Alexander Creutzmann | Mambo photo | Getty Images
The Carnival Paradise cruise ship arrives in port June 30, 2017 in Havana, Cuba.
The damaged caused by Hurricane Irma will have significant negative ramifications for the cruise line industry, according to one Wall Street firm.
Credit Suisse lowered its rating for Carnival shares to neutral from outperform, saying the cruise company is facing a more difficult demand environment.
Since Carnival reported earnings in June “there have been three external events that we believe add risks to the near term investment case,” analyst Tim Ramskill wrote in a note to clients Friday.
Those events are the geopolitical tensions in the Korean peninsula, the August terror attack in Barcelona, and Hurricane Irma, “which has caused significant damage across the Eastern Caribbean,” he said.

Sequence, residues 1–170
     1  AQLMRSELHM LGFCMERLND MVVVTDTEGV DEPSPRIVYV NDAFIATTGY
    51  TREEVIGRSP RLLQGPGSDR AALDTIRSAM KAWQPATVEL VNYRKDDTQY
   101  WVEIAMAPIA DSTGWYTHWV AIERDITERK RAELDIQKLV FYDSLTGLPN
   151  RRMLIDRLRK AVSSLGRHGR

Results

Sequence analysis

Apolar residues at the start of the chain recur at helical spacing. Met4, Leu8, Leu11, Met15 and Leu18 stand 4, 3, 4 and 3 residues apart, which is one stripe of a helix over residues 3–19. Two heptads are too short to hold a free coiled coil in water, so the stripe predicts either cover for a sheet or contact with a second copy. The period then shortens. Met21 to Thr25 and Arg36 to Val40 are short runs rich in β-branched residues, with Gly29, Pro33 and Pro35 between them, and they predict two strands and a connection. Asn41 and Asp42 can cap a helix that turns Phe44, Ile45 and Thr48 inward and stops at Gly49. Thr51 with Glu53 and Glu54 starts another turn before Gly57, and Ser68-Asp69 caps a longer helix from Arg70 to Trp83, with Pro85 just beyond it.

The cruise industry’s “capacity growth [is] a greater concern given demand risks” from these events, he added.
The analyst reduced the firm’s price target for Carnival shares to $70, which is 2 percent higher than Thursday’s closing price. His previous target was $78.
Ramskill said the Caribbean region represented 39 percent of Carnival’s passenger capacity.
He also noted cruise industry capacity will increase 6 percent a year through 2022.
“Industry supply growth is significant,” he said. Cruise lines are making room for more passengers as they come up against these demand challenges in the top three cruise markets: the Caribbean, Mediterranean and China. “We assume more cautious 2018E yield [passenger sales versus available capacity] growth,” he wrote.
Carnival did not immediately respond to a request for comment. Its shares have outperformed the market this year. The stock has risen 32 percent year to date, while the S&P 500 is up 11.5 percent through Thursday.
The company’s shares opened down 2 percent on Friday after the report.
— CNBC’s Michael Bloom contributed to this story.